Most of the fleshier gilled mushrooms and boletes that grow on soil in forests have a relationship with trees that benefits both organisms. In this association, called mycorrhiza, the fungus mycelium attaches to the tree’s roots and permeates into the soil well beyond the normal reach of the root system. This greatly increases the tree’s ability to absorb moisture and essential nutrients such as nitrogen and phosphorus. In return, the tree provides the fungus with photosynthesized carbohydrates. Occasionally the relationship is quite specific where a given species of mushroom will only associate with a single species of tree. For instance, the Larch Bolete (Suillus grevillei) will only grow in association with larch trees. Most trees, however, have multiple fungus partners, and many mushrooms form mycorrhiza with several kinds of trees.

Recommended Resources

Edible and Poisonous Mushrooms

Bessette, Alan E., Roody, William C., Bessette, Arleen R. 2000. North American Boletes. Syracuse, NY: Syracuse University Press. Bessette, Alan E., Bessette Arleen R., Fischer, David W. 1997. Mushrooms of Northeastern North America. Syracuse, NY: Syracuse University Press. Barron, George. 1999. Mushrooms of Northeast North America. Renton, WA: Lone Pine Publishing. Mushroom identification guidebooks and organizations useful for eastern North America: This brochure is intended to provide general information only. Do not use the information and illustrations as a guide to identification or edibility of wild mushrooms. See the recommended resources below for more detailed and comprehensive information on this aspect of mushrooms. There are also a number of poisonous mushrooms that occur in West Virginia, a few of which are dangerously poisonous. Unfortunately, there are no general rules or easy tests to distinguish edible from poisonous species. Those who gather wild mushrooms for food should be absolutely certain of their identifications. Macrofungi are present in all terrestrial environments but the majority are in one way or another associated with trees. Because West Virginia is a forested state that also has extensive parklands and other natural habitats, the mycoflora of the state is exceptionally rich. Several hundred species have been recorded in the state, including some of the world’s most prized edible mushrooms.

Deadly Galerina, a very poisonous mushroom.

P.O. Box 67 Elkins, WV 26241 (304) 637-0245 Fax: (304) 637-0250
West Virginia Division of Natural Resources

Wildlife Resources

Wildlife Diversity Program

All text and photos are by Bill Roody, a West Virginia Division of Natural Resources biologist and author of Mushrooms of West Virginia and the Central Appalachians, University Press of Kentucky. The cover photo is a true morel, Morchella esculenta.

North American Mycological Association Judy Roger, Executive Secretary 6615 Tudor Court Gladstone, OR 97027-1032

Roody, William C. 2003. Mushrooms of West Virginia and the Central Appalachians. Lexington: University Press of Kentucky.

Phillips, Roger. 1991. Mushrooms of North America. Boston, MA: Little, Brown and Company. (reprinted in 2005 by Firefly Books, Buffalo NY).

Miller, Orson K., Miller, Hope H. 2006. North American Mushrooms. Guilford, CT: Globe Pequot Press.

McKnight, K.H., McKnight, V.B. 1987. A Field Guide to Mushrooms of North America. Boston, MA: Houghton Mifflin.

Lincoff, G. H. 1981. The Audubon Society Field Guide to North American Mushrooms. New York, NY: Alfred A. Knopf.

Amanita muscaria or Fly Amanita

It is the policy of the Division of Natural Resources to provide its facilities, services, programs, and employment opportunities to all persons without regard to sex, race, age, religion, national origin or ancestry, disability, or other protected group status.

10M 07/06


Mushrooms of West Virginia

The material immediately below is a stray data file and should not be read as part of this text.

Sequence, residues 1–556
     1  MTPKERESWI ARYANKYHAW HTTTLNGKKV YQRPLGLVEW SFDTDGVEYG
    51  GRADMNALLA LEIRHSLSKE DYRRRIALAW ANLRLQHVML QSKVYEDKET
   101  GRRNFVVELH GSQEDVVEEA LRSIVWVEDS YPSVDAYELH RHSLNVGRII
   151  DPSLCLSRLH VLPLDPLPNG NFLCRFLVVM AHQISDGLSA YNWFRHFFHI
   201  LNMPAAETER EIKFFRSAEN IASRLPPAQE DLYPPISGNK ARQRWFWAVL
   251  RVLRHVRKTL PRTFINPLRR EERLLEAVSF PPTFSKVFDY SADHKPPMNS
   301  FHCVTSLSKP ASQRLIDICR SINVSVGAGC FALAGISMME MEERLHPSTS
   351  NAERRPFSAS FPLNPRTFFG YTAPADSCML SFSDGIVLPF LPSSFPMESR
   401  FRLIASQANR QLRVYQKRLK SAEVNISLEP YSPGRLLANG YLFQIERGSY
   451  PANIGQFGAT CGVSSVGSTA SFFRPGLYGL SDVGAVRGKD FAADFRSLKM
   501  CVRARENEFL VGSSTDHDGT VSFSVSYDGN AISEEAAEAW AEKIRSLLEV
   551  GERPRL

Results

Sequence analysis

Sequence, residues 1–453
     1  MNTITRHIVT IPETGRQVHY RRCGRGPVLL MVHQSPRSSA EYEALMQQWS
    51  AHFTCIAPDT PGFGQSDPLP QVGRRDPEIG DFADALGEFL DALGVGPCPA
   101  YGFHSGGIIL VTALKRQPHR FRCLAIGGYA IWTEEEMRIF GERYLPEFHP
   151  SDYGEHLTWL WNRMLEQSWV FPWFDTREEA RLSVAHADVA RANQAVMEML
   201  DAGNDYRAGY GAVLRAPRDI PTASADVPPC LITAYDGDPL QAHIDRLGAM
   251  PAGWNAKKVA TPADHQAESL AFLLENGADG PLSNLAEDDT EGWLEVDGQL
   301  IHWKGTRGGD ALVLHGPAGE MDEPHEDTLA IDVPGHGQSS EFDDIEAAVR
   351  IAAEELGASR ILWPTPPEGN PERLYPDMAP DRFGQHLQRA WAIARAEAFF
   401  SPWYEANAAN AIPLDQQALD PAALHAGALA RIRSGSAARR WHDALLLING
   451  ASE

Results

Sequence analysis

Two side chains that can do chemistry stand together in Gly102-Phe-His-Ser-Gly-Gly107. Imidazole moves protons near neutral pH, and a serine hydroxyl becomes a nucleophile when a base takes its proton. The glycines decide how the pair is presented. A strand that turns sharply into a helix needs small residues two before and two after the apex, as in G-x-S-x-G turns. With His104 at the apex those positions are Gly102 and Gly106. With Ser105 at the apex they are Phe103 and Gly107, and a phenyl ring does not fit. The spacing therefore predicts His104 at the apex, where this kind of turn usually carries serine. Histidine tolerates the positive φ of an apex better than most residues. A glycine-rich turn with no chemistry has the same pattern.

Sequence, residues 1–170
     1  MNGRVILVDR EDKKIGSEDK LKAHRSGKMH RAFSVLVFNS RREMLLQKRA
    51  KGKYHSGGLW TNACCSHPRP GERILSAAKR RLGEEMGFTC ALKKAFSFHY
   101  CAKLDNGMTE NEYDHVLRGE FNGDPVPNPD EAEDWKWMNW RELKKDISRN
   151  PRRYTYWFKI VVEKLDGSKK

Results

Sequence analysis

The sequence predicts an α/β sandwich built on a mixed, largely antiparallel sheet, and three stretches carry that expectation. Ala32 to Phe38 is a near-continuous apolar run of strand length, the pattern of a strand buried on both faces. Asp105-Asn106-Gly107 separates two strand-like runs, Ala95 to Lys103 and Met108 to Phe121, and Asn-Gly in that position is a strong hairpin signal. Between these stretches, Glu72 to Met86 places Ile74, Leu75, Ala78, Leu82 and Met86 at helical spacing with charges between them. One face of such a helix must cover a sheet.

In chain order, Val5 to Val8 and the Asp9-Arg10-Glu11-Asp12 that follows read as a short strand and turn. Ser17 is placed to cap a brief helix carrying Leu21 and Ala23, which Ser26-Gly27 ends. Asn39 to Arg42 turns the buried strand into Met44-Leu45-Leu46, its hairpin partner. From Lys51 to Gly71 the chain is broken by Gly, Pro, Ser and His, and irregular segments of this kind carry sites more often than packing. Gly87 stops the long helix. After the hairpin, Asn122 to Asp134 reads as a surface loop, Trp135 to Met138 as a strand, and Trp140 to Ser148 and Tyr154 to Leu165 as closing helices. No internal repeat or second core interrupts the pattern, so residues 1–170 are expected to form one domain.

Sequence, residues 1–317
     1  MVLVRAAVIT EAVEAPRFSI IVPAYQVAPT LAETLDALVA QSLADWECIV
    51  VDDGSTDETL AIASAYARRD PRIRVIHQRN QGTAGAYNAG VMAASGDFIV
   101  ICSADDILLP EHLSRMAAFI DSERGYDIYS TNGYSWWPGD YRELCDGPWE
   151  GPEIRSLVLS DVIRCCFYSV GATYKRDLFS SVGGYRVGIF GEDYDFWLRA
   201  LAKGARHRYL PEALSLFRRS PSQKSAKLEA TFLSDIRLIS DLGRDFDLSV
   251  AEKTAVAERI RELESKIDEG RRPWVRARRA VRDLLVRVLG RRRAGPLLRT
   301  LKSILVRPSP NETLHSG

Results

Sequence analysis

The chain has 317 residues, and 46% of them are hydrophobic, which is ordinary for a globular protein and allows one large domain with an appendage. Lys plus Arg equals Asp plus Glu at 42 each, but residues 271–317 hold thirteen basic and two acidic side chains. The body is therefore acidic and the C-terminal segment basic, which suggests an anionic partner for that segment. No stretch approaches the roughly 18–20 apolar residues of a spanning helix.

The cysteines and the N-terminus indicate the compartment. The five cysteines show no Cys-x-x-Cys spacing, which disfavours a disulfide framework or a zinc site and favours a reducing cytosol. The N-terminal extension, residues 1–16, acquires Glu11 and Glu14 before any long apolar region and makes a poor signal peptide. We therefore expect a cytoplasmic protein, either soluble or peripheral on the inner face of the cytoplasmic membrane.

bird’s nest fungi. It is easily recognized. and flesh that “leaks” abundant mild-tasting white latex that quickly stains broken tissue (and fingers) dark brown. but a few are saprotrophs that live on decaying wood. it is a very good edible. do not have a stalk but are shelf or bracketshaped and grow in clusters on standing or fallen trees. pastures or other grassy areas. expose the mature spores to the elements. is a popular edible mushroom. others are known to be poisonous. It typically grows in small clusters in woods. and stinkhorns) are referred to as gasteromycetes or “stomach fungi. or stumps. the spores fall through the tube openings (pores) and are carried by wind currents to new locations. Its spores are formed on the surface of yellow lobes that appear on small branches of broadleaf trees. or they can be extensively branched and shrub-like. clear. Most of these form mycorrhiza with trees. Witches’ Butter is 90 percent water and has little substance or flavor. The common name Tinder Polypore is derived from its use as punk to catch a spark and to transport a smoldering ember for primitive fire making. Purple Coral Mushroom (Clavaria zollingeri) The coral mushrooms are among the most alluring forms of macrofungi. The closely related White-pored Chicken of the Woods (Laetiporus cincinnatus) is similar but has a white to buff-colored pore surface on the underside. The Satyr’s Beard forms a dense. and eventually kills the newly infected tree. such as the Sulphur Shelf. . which is actually composed of a layer of spore-bearing cells.” Honey mushrooms often grow in dense clusters. Honey Mushroom (Armillaria mellea) Honey mushrooms are one of the few gilled mushrooms that are harmful to trees. Every mushroom hunter should learn to recognize the Destroying Angel and its close relatives. Witches’ Butter is one of the more conspicuous jelly fungi. They are somewhat like boletes in that the underside is made up of a layer of tubes in which the spores are produced.West Virginia’s Diverse Mushrooms and Macrofungi Gilled mushrooms make up the largest and most familiar group of macrofungi. It most often grows on oak. or colored droplets (called latex) from the cut or broken flesh. Frost’s Bolete (Boletus frostii) Boletes are similar in stature to many gilled mushrooms but they have a sponge-like layer of tubes beneath the cap rather than gills. none can be recommended for eating. the blue staining is not an indication of toxicity and cannot be used to distinguish edible from poisonous species. but are otherwise nearly identical. Although related to morels. It then spreads to the roots of nearby living trees by underground runners called rhizomorphs. gelatinous or rubbery. Scarlet Cup (Sarcoscypha austriaca) Cup fungi are so named because of their cup or saucer shape. The Sulphur Shelf is easily recognized by its bright orange caps and sulphur yellow underside. Their spores are formed on the inner surface of the cup. The Sulphur Shelf. Although some coral mushrooms are edible. Polypores are saprotrophs or parasites that grow on wood. and when young and tender. Sometimes when cup fungi are handled or blown on. and the interior of the stalk is chambered. a similar species that can inhabit the same woody substrate. They include both edible and poisonous species. especially oak. such as the Giant Puffball (Calvatia gigantea). Sulphur Shelf (Laetiporus sulphureus) False morels appear in early spring about the same time as true morels. This wood decay fungus usually infects trees that are already weakened from other causes. the Satyr’s Beard causes heartwood decay of living trees but can also be found occasionally on cut stumps. It forms mycorrhiza with various oaks. The spores are formed on the uppermost part of the clubs or erect branches. Conifer False Morel (Gyromitra esculenta) Witches’ Butter (Tremella mesenterica) Tinder Polypore (Fomes fomentarius) Unlike the Sulphur Shelf. Amanita virosa and Amanita verna differ microscopically. it is not edible. Although some people can eat false morels with impunity. and they have hollow stalks. Coral mushrooms may be simple finger or clubshaped. The Gem-studded Puffball is about the size of a golf ball. With its candy-apple colored cap and deeply netted red stalk. Destroying Angel (Amanita bisporigera) This common gilled mushroom forms mycorrhiza with broadleaf trees. The caps of typical false morels have convoluted brain-like lobes. their fruiting bodies are soft. also known as Chicken of the Woods. Most puffballs are edible when immature and completely white on the inside.” They differ from other macrofungi in that their spores develop and ripen within an enclosed fruitbody. Frost’s Bolete is surely one of the most beautiful boletes in our woods. Most grow on the ground and form mycorrhiza with trees. When mature. There are nearly 100 species of boletes known to occur in West Virginia. and then by various means. All parts of the Destroying Angel are white. Members of this group are responsible for most mushroom-related fatalities in North America. The Gem-studded Puffball forms a small pore-like opening at the top of the pear-shaped fruitbody through which the spores are expelled when raindrops land on it (like a bellows). They exhibit a wide range of colors and many resemble marine corals. It produces hard. Members of the genus Lactarius are called “milk mushrooms” because they exude white. It is especially noticeable in wet weather early in the season. Cultivated varieties are called Monkeyhead or Lion’s Mane Mushroom. The spores are produced on the inner walls of the tubes. Many boletes bruise or stain blue when handled or if the flesh is cut. pronounced fishy odor. each of which usually contains eight spores. The Purple Coral is a distinctive member of this group. so called because it can grow up to 2 feet across. Leatherback Milkcap (Lactarius volemus) Satyr’s Beard (Hericium erinaceum) Satyr’s Beard is as distinctive as it is beautiful. especially birch and beech. belongs to a diverse group of macrofungi called polypores. also known as Bradley. release their spores as the entire outer wall decomposes. but care must be taken not to confuse them with the dangerously poisonous Deadly Galerina (Galerina autumnalis). With few exceptions. A network of the black cord-like rhizomorphs can often be seen beneath the loose bark of the dead or dying trees. Because they are notoriously difficult to distinguish in the field. As a group the jelly fungi are easy to recognize in the field. Contrary to popular belief. The Leatherback Milkcap. which are edible and false morels. and it usually grows in the form of a rosette at the base of trees and stumps. The stalk rises from a sac-like base that is often buried and not obvious. these cells “explode” in unison and shoot out a cloud of spores that is easily observed and can sometimes even be heard as a soft hiss. In a natural environment. especially when consumed at the same meal with alcohol. but inexperienced collectors could confuse edible puffballs with poisonous “earthballs. Some foresters know this as the “bootlace fungus. However. some people are allergic to them. The Leatherback Milkcap forms mycorrhiza with oaks and other broadleaf trees. The caps of true morels (see cover) are composed of pits that are separated by distinct ridges. The rich red Scarlet Cup is one of the first conspicuous macrofungi to appear in early spring. Mushroom hunters should learn to recognize the difference between true morels. Many.” which are in the genus Scleroderma. sometimes high up and out of reach. Gem-studded Puffball (Lycoperdon perlatum) Puffballs and their relatives (earthstars. the fruiting body of the Tinder Polypore is perennial and can be found at any time of year. The Conifer False Morel is most often found beneath white pine (Pinus strobus). Although edible. but also occurs on beech and other broadleaf trees. Other puffballs. It is recognized by its brownish orange cap. which are poisonous. more or less roundish mass of whitish hanging spines on living trees. It belongs to a group of macrofungi that produce spores on pendent spines or teeth. they contain dangerous toxins and have been known to cause fatalities. durable hoof-shaped fruitbodies that increase in size each year as a fresh fertile layer of tubes on the underside is added. Together they form a “species complex” of highly toxic mushrooms that if eaten will damage the liver and kidneys. They are edible only when thoroughly cooked. This fungus often becomes established as a saprotroph on decaying tree stumps. Both species are good edibles when young and tender.